By Ron Conway and Julie Samuels
The debate over patent trolls rages on, getting some pretty high-profile (and hilarious) attention from John Oliver and action in the Senate, where the PATENT Act, the long-awaited companion bill to the House’s Innovation Act, was recently introduced. This legislation can’t move fast enough—and we are hopeful that the House Judiciary Committee will take the first step this week in passing meaningful reform. Every day without patent reform is another day of trolls targeting additional businesses and individuals. And unfortunately, those who suffer the most are the startups and small companies with whom we work. These are the companies that create jobs, build new technology, and have carried the laboring oar in helping our economy recover.
Which is why the investor community should wholeheartedly support these reform efforts. And most investors do. A survey of 200 VCs and their portfolio companies found “venture capitalists overwhelmingly believe that patent demands have a negative impact on the venture-backed community, with all or most of those assertions coming from” so-called patent trolls. And it’s beenestimated that were it not for troll threats, VC investment in startups would have been $8 billion higher over the last five years alone.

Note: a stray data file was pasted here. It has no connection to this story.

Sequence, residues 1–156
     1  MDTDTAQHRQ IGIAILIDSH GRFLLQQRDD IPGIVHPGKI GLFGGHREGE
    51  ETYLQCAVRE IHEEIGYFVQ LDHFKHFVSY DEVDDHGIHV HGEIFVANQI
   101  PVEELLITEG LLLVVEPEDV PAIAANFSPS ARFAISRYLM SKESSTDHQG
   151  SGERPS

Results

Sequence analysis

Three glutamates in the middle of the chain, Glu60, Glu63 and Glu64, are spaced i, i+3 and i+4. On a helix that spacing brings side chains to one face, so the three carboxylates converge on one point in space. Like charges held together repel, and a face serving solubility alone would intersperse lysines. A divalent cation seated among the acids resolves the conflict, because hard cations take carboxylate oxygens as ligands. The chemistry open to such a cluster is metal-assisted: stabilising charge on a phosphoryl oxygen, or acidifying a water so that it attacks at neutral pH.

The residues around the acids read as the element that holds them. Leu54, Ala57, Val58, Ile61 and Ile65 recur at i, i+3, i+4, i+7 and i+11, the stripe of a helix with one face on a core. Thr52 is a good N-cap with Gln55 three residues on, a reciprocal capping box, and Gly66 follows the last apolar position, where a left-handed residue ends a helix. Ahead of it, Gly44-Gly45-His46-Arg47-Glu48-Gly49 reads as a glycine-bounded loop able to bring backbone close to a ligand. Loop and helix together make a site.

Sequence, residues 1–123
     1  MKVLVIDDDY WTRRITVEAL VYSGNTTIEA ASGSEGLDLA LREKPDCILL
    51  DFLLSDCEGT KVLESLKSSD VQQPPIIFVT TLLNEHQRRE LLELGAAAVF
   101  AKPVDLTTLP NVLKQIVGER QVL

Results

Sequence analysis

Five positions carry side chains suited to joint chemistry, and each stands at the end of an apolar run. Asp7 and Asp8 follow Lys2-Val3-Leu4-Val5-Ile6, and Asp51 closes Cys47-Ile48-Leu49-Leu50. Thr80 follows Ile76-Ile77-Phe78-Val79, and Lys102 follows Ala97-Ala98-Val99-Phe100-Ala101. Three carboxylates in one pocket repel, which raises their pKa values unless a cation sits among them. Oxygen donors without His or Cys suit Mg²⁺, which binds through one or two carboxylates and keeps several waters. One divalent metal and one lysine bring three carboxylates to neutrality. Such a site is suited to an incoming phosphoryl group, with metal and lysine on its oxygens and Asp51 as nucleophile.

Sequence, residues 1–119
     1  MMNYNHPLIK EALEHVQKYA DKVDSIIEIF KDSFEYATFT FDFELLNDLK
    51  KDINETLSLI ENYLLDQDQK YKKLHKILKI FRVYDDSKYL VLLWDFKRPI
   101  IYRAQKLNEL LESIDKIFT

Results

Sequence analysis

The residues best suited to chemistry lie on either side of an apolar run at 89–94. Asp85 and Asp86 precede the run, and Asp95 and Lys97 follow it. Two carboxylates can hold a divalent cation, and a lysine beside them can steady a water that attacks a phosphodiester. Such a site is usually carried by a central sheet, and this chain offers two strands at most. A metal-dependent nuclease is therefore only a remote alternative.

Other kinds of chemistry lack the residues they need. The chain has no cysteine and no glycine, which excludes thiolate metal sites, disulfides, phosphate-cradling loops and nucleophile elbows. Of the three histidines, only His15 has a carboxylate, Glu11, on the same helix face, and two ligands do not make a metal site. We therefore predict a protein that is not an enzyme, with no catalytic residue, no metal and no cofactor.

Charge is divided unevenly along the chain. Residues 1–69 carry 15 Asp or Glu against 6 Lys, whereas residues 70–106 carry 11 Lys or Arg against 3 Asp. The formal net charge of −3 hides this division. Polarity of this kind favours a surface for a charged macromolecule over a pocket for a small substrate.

Even more, VCs nationwide, particularly those investing in high-tech companies, by and large support reforming the patent system. In fact, more than 140 of them signed a letter to Congress in support of the very type of reforms in the Patent Act and its companion in the House, the Innovation Act.
This makes all the more confounding a so-called “disagreement” in the venture community surrounding patent reform. Why would any VCs oppose reforms like those in the Patent Act or, the Innovation Act? Let’s look at some of the claims the National Venture Capitalists Association (“NVCA”) has made in testimony and in writing.
First, NVCA’s Scott Sandell expresses concern about the Innovation Act’s fee-shifting provision, claiming that it “effectively mandates the payment of legal expenses by the non-prevailing party in almost all cases.” Put mildly, that is a serious misreading of the current bill. In fact, members of Congress led by Rep. Hakeem Jeffries (D-N.Y.) reached a carefully negotiated compromise that would give courts discretion over when to award fees to a winning party—and said those fees should not be granted when a party’s “position and conduct … were reasonably justified in law and fact.” In English: bring a reasonable case and even if you lose, you won’t be stuck paying the winning party’s legal fees.